March 1, 2012

Death of Marie Colvin

As Delivered on the Senate Floor

Madam President, Marie Colvin died last week, Wednesday, in Syria. As I speak, her body is still in Homs because the Assad regime refuses to honor the centuries-old tradition of human decency that even in war you are allowed to recover your dead.

An American official in a position to know about the circumstances of her death has used with me the word “murder,” and this is not an official who uses such words loosely. News reports have suggested Marie was targeted using her cell phone signals. Why was she killed? Marie once said: “Covering a war means going to places torn by chaos, destruction, and death, and trying to bear witness.”

She was killed because she was doing what she was passionate about and what her gift was; that is, to bear witness.

Marie was in Syria to bear witness to the massacre of the innocent in the city of Homs by the Assad regime. Her last report to the BBC was of a baby killed by shrapnel, dying in its mother’s arms. That baby had no voice and that mother had no voice, but Marie was there. She was there making sure the dead did not die unheralded and the killers did not escape unwatched. She was there so they wouldn’t get away with it. She was there to bear witness.

The dictionary tells us that to bear witness means “to see, to be present at, or know at firsthand.” It means to “testify.” It means “to show by your existence that something is true.”

This was Marie. Over and over she put herself in harm’s way as she followed her calling to bear witness to the atrocities of our world.

In Sri Lanka’s brutal conflict, she was hit by the explosion of a rocket-propelled grenade, and in addition to other injuries, she lost sight in one eye. She was shot at that day after calling out, “I’m a journalist.”

In the Balkans and Chechnya, at Libya and around the world, she went to bear witness to suffering and corruption. I think she spent more time on the ground in Libya than any other Western correspondent.

Marie was proud of this work, saying: “We can and do make a difference in exposing the horrors of war and especially the atrocities that befall civilians.”

Sometimes she managed to do more than just expose atrocities. In East Timor, she went to bear witness to the massacres. When the U.N. threatened to pull out of a base, leaving local employees and those sheltering there to the mercies of the massacre, Marie announced, “I’m staying with them.”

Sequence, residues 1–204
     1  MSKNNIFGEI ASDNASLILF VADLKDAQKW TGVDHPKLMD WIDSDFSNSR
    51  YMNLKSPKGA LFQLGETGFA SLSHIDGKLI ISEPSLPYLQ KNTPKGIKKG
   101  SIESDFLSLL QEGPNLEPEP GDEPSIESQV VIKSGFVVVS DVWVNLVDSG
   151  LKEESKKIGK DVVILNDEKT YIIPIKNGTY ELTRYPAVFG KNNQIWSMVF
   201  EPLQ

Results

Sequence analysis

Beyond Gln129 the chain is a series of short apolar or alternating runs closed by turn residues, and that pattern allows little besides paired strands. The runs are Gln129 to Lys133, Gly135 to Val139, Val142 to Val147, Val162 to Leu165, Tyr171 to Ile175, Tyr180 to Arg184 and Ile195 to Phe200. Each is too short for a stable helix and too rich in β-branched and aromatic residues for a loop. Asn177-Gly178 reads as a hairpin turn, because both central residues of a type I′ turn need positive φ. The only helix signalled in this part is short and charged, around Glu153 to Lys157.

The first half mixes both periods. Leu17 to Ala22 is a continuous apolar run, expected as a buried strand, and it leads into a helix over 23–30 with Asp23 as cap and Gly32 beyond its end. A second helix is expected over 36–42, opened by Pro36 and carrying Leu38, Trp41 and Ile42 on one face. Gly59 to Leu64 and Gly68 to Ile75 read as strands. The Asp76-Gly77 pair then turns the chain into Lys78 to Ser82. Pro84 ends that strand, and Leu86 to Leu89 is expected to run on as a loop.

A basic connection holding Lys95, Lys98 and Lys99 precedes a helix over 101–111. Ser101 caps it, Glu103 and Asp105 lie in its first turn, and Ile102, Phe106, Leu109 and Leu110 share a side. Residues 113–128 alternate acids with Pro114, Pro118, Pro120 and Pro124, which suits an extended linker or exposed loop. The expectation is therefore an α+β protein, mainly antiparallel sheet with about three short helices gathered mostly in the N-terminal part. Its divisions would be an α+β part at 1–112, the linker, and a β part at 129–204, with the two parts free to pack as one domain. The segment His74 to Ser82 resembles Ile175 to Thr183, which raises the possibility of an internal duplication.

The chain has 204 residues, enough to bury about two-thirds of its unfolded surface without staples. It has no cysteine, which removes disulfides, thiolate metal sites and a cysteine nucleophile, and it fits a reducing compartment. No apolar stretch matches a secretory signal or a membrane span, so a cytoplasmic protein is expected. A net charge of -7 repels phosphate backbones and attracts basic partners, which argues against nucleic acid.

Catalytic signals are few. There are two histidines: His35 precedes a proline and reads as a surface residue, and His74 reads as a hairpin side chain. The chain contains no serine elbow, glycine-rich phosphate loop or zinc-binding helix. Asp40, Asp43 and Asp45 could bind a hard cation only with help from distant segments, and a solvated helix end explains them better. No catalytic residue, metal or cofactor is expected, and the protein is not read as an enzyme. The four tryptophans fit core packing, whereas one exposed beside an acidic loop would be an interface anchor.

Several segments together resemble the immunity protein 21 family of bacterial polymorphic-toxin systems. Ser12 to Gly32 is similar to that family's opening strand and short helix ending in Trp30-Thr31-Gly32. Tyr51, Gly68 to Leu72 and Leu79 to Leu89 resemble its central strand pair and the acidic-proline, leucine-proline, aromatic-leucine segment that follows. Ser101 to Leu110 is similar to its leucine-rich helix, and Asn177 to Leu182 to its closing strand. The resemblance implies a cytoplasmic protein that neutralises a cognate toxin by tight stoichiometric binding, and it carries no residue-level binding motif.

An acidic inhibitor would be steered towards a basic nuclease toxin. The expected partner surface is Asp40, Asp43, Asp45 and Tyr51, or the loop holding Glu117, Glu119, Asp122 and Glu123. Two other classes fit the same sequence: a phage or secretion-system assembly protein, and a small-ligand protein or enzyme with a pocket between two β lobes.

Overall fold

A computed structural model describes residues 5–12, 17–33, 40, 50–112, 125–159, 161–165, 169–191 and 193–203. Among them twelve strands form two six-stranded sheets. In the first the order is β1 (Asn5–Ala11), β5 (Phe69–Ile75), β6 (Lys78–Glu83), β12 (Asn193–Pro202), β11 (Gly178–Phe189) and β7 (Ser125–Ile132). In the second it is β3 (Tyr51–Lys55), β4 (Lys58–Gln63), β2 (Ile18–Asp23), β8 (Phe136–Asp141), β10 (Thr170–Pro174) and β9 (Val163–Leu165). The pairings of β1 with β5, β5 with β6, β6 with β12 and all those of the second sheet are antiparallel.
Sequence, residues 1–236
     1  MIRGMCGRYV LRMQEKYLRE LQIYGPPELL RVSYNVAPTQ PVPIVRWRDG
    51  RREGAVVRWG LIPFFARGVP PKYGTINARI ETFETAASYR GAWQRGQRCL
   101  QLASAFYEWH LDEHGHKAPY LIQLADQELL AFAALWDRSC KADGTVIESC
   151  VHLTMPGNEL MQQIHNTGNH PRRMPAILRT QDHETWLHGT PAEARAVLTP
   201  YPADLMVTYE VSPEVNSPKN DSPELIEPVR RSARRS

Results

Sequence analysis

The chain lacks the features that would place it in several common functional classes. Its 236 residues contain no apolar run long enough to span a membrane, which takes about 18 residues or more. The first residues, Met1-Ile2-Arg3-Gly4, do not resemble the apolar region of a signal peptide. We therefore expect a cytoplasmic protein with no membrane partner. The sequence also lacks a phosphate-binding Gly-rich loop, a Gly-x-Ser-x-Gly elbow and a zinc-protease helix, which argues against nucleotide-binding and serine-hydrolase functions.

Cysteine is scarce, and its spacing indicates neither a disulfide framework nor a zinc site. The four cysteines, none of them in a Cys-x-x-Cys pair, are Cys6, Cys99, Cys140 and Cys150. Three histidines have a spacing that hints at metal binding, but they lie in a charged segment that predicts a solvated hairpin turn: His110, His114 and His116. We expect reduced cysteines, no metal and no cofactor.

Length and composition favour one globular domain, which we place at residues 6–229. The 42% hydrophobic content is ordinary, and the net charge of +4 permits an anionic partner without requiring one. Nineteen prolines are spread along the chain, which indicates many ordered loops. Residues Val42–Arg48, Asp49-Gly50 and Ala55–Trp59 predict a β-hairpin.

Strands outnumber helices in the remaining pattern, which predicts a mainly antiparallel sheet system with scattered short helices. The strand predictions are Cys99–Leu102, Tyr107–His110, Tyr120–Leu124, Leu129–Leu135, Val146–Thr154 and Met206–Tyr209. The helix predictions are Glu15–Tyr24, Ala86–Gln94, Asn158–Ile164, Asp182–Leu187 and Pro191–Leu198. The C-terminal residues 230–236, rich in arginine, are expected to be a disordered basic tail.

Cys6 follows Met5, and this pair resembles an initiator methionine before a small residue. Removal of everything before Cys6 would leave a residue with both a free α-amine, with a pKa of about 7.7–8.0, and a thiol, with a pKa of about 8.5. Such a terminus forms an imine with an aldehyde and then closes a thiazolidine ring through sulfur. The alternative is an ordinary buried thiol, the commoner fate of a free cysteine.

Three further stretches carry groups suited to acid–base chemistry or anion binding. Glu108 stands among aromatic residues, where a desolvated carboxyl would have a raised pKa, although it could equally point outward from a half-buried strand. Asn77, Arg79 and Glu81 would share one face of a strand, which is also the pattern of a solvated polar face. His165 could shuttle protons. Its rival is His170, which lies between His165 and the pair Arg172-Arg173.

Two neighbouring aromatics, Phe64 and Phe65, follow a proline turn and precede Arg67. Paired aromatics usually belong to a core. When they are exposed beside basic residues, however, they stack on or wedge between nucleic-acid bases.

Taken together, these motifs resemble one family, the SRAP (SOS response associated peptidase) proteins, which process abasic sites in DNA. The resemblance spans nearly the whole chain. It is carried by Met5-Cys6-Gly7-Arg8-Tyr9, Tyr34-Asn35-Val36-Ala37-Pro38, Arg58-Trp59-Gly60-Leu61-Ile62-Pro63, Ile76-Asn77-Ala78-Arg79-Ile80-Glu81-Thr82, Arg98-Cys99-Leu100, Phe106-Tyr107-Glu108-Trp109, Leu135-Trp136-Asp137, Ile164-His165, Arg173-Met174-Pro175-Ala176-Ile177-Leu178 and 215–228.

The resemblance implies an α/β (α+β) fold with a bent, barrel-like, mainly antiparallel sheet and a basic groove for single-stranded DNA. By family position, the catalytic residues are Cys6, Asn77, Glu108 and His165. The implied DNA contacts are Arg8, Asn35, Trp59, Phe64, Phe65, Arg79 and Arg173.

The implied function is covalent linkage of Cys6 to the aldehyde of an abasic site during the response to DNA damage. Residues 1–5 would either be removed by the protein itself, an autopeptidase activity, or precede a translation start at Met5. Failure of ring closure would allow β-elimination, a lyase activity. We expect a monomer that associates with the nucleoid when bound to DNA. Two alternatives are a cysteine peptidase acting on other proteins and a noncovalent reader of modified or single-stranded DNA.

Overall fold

That created a new predicament for the U.N. leadership, and faced with Marie’s courage, they decided to stay. Massacre averted.

Marie was special. Her friends all knew it. Her colleagues knew it. The people who were trapped in the wars and conflicts she covered and who saw her there, sharing their risks and their suffering, and who knew someone would bear witness knew it. The Bible talks of bearing witness. It tells that John the Baptist “came as a witness, to bear witness about the Light, that all might believe through him.”

There is a parallel. Marie went as a witness. She went to bear witness in the places cloaked in darkness, that we all might perceive through her. With her death, it is our turn to bear witness. Marie Colvin had a calling, and it is our turn to bear witness to the courage and the passion of that calling. It is our time to bear witness to the grace and humor and brains and skill with which Marie Colvin pursued that calling. It is worth noting Marie did this all with style. I don’t think Marie would want the record to fail to reflect that she had style.

There has been an outpouring since the news of Marie’s death spread around the world. From heads of state, famous writers, press celebrities, from old friends and colleagues, and from those whose praise she valued the most, the small band of brothers and sisters who practiced the dangerous craft of conflict journalism, there has been a torrent of grief and praise. I have culled from this torrent a collection of remembrances, reflections, tributes, and obituaries about Marie that I now ask unanimous consent to have printed in the Record.

On behalf of a group of old friends who are stricken by her loss, I offer this in affection, in appreciation, and in memorandum.

Marie’s mother, Rosemarie Colvin, said of Marie: “Her legacy is: be passionate and be involved in what you believe in. And do it as thoroughly and honestly and fearlessly as you can.”


With those words, I yield the floor.